Create More Fond In Your Pot Using A Simple Water Trick

Steak browning in a pan
Steak browning in a pan - Atsushi Hirao/Shutterstock

Usually, when you brown meat, you want everything super dry; that has traditionally been the advice for how you get a good crust through searing. But if your real goal is to create more fond — brace yourself — you may actually want to add water to your pan.

Fond is the layer of browned bits and residue that all deglazing pros know is the secret weapon for flavor. It's the basis of braises and pan sauces. The more fond you accumulate, the more flavorful your sauce will be. The secret to creating more fond is to simmer the meat in a little water; this coaxes out more juices, allowing them to brown on the bottom of the pan. Tests by Cooked Illustrated show that this technique is highly effective in increasing the amount of fond in the bottom of your pan by drawing more juices and fat out of the meat.

Of course, there are few instances when you'll want to simmer the meat headed for your dinner plate. Instead, consider this an opportunity to use what would otherwise be considered food waste: the trimmings. After searing your cut of meat, remove it from the pan and let it rest. Add in your diced-up trimmings and a bit of water, and let it simmer until the water evaporates. Remove the bits and you'll be left with plenty of fond to deglaze into an incredibly flavorful dish. It gives a whole new, tasty meaning to reduce, reuse, and recycle.

Read more: 15 Tricks For Making The Most Crispy Chicken Thighs Ever

Why Does This Work?

Fond on a pan
Fond on a pan - Candice Bell/Shutterstock

This next part won't sound as appetizing, but hang in there: Fond is simply browned meat residue. The Maillard Reaction, the browning effect every cook should know, happens when amino acid protein molecules and sugar molecules interact at temperatures above water's boiling point. When searing a cut of meat, this happens on the surface of the meat. For this to happen in the pan, you must draw out the meat's juices and then let enough water evaporate so the proteins and sugar left in the residue begin to brown. The more juices you can draw out, the more fond there will be.

This simmering trick is all about coaxing those juices out of the meat — and, although it hasn't been thoroughly studied by science yet, we can draw some educated conclusions about why it works so well from studies that have been done. A paper on ResearchGate shows that meat loses moisture rapidly in two stages: The intramyofibrillar moisture (inside the muscle fibers) oozes out once the meat's internal temperature reaches 104 degrees Fahrenheit, while the extramyofibrillar (the tissue outside the fibers) moisture releases at temperatures over 154 degrees. Another study on Meat and Muscle Biology says the presence of exterior moisture speeds up cooking substantially, drawing out protein and collagen. So, simmering trimmings in water helps to draw out those proteins from deep within the meat but stabilizes the temperature in the pan, keeping the fond from burning before all the juices are extracted.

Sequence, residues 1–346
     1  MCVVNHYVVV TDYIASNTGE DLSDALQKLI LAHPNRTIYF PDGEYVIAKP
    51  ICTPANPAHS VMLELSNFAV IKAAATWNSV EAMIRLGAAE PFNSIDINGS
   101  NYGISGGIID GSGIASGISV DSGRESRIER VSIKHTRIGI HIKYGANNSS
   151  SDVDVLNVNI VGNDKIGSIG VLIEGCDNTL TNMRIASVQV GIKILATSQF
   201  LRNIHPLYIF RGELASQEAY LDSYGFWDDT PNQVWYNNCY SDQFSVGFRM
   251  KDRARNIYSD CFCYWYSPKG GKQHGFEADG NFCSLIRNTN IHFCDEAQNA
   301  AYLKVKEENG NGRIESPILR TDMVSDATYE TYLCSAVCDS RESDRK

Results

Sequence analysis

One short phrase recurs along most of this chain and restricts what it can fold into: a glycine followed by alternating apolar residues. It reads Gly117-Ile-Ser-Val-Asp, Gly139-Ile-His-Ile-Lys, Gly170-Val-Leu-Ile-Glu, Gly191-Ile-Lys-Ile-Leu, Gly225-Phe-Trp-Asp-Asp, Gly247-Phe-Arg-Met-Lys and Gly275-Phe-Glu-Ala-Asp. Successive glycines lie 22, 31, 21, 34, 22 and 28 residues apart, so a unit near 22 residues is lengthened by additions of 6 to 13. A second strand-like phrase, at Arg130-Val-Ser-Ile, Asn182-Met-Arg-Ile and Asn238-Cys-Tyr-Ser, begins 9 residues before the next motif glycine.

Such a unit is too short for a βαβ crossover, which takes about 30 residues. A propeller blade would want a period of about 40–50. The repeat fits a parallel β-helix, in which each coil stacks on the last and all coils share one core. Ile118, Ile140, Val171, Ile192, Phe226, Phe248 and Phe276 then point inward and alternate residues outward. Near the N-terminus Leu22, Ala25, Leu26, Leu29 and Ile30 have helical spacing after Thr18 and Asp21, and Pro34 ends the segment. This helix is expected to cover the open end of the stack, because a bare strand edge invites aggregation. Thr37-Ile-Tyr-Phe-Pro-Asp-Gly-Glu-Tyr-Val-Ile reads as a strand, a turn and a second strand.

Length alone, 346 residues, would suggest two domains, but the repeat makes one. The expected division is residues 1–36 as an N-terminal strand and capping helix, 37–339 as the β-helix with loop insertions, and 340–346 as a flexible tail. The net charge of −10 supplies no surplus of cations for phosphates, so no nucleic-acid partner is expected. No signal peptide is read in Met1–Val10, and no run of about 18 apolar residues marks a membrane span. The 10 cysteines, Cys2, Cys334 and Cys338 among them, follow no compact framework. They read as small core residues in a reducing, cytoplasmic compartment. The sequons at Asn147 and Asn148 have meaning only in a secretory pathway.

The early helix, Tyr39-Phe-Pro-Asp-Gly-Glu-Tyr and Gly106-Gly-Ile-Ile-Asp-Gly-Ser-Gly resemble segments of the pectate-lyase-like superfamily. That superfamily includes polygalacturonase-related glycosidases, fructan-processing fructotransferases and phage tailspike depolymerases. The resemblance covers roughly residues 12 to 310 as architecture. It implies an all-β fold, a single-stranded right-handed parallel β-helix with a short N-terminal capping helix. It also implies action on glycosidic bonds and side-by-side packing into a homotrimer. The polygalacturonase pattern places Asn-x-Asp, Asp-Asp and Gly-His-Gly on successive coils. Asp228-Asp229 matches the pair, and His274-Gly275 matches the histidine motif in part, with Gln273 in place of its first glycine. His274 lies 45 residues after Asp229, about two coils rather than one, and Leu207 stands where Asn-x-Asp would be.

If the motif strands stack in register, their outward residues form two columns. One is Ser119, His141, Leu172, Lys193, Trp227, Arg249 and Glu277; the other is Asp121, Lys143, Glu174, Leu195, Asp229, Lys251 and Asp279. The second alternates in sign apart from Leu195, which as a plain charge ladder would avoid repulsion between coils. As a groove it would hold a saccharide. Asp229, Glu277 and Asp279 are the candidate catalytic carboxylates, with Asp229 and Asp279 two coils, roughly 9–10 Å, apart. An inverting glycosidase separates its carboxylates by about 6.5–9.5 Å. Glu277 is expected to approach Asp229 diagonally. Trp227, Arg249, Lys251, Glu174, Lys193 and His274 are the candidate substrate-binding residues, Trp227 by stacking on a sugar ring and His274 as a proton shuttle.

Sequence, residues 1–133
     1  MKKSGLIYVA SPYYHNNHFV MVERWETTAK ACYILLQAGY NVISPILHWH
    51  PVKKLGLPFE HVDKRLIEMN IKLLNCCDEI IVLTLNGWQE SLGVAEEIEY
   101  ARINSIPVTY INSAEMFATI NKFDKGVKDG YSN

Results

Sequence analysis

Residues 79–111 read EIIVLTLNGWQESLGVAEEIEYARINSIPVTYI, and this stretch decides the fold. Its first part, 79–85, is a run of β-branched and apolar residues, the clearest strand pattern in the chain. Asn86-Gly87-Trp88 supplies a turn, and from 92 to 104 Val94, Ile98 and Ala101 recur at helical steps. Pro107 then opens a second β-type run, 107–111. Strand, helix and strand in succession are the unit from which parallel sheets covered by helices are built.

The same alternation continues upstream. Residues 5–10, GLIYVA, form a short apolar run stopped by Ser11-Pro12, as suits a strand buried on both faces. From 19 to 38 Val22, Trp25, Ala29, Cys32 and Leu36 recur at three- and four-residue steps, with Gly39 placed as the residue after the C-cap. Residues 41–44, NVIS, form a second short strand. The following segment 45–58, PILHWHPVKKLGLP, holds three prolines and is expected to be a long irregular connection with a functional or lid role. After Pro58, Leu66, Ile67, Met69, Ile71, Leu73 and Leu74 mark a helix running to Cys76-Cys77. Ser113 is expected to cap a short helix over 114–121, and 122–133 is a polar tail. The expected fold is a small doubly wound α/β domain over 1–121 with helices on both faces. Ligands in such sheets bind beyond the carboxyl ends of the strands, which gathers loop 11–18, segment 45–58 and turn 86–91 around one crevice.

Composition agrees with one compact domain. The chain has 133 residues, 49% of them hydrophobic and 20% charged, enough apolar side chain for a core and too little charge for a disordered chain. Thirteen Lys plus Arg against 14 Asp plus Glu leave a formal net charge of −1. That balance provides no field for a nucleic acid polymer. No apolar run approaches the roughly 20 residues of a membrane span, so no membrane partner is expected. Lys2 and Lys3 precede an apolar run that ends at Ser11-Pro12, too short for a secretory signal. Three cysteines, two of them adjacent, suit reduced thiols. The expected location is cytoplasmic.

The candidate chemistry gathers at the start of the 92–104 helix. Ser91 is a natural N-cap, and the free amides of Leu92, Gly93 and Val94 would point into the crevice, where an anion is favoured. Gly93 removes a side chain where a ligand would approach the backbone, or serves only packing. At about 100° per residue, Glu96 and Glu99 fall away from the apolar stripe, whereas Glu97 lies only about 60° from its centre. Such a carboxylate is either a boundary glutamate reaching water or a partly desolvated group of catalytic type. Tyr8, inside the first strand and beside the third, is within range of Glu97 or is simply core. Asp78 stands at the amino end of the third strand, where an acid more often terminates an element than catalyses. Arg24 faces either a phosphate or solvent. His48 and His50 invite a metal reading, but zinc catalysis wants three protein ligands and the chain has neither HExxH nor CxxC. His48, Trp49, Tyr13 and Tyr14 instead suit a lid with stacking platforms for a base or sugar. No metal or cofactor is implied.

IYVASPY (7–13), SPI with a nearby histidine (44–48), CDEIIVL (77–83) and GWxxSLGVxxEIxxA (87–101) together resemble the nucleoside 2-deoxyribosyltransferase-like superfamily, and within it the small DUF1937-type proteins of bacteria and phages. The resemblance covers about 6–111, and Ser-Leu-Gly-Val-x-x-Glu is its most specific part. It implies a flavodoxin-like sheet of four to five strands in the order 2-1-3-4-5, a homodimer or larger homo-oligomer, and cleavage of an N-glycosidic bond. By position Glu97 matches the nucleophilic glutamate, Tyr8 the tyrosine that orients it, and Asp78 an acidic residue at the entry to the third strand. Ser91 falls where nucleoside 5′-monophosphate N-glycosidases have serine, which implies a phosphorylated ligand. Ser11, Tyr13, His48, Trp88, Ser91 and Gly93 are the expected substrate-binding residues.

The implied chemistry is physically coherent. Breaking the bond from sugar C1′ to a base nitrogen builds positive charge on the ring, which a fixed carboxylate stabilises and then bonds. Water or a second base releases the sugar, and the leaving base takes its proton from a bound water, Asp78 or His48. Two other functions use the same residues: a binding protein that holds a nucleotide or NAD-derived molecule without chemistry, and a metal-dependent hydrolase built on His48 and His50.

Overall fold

Why It's Important To Use Meat Trimmings

Butcher trimming meat
Butcher trimming meat - Eduardo Corcino/Shutterstock

The reason you want to use trimmings instead of the meat you plan to eat is the same reason you don't want to overcrowd your pan while you're browning: It will make your meat dry and tough. Anyone who has had boiled meat knows this all too well. It's just not great for eating, and no amount of delicious pan sauce will fix it.

You're never going to get a good cook on your meat if you simmer it in water first. The interior will be overcooked, and the exterior won't form a crust. The study published on Meat and Muscle Biology -- about the effect of high humidity in cooking -- found that a lot of water in the cooking process leaves meat, particularly beef, with a metallic and bloody taste. You really don't want to simmer the meat you plan to eat in the name of creating more fond in your pan.

Instead, trimmings are the answer. The bits of meat, tendons, and fat that you don't want to eat are perfect for simmering until they're completely depleted, using up the scraps that would otherwise go to waste to create a solid layer of fond in the bottom of your pan.

Read the original article on Daily Meal